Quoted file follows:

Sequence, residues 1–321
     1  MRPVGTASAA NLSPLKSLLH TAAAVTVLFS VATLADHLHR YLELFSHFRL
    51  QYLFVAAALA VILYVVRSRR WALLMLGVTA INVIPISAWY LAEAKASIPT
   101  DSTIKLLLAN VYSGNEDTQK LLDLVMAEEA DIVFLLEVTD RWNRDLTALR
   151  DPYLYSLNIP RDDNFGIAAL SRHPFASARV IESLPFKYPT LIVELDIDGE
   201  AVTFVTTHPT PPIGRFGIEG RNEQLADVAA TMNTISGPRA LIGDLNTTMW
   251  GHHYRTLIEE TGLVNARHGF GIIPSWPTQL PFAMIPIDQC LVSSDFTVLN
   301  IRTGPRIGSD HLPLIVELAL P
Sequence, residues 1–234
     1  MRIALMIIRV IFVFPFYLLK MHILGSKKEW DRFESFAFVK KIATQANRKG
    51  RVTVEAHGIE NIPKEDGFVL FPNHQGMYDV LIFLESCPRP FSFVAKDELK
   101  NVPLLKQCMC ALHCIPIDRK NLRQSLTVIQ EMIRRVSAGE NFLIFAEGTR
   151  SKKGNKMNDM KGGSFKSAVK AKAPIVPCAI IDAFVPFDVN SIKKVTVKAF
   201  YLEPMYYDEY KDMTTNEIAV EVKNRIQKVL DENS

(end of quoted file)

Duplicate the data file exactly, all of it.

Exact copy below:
Sequence, residues 1–321
     1  MRPVGTASAA NLSPLKSLLH TAAAVTVLFS VATLADHLHR YLELFSHFRL
    51  QYLFVAAALA VILYVVRSRR WALLMLGVTA INVIPISAWY LAEAKASIPT
   101  DSTIKLLLAN VYSGNEDTQK LLDLVMAEEA DIVFLLEVTD RWNRDLTALR
   151  DPYLYSLNIP RDDNFGIAAL SRHPFASARV IESLPFKYPT LIVELDIDGE
   201  AVTFVTTHPT PPIGRFGIEG RNEQLADVAA TMNTISGPRA LIGDLNTTMW
   251  GHHYRTLIEE TGLVNARHGF GIIPSWPTQL PFAMIPIDQC LVSSDFTVLN
   301  IRTGPRIGSD HLPLIVELAL P
Sequence, residues 1–234
     1  MRIALMIIRV IFVFPFYLLK MHILGSKKEW DRFESFAFVK KIATQANRKG
    51  RVTVEAHGIE NIPKEDGFVL FPNHQGMYDV LIFLESCPRP FSFVAKDELK
   101  NVPLLKQCMC ALHCIPIDRK NLRQSLTVIQ EMIRRVSAGE NFLIFAEGTR
   151  SKKGNKMNDM KGGSFKSAVK AKAPIVPCAI IDAFVPFDVN SIKKVTVKAF
   201  YLEPMYYDEY KDMTTNEIAV EVKNRIQKVL DENS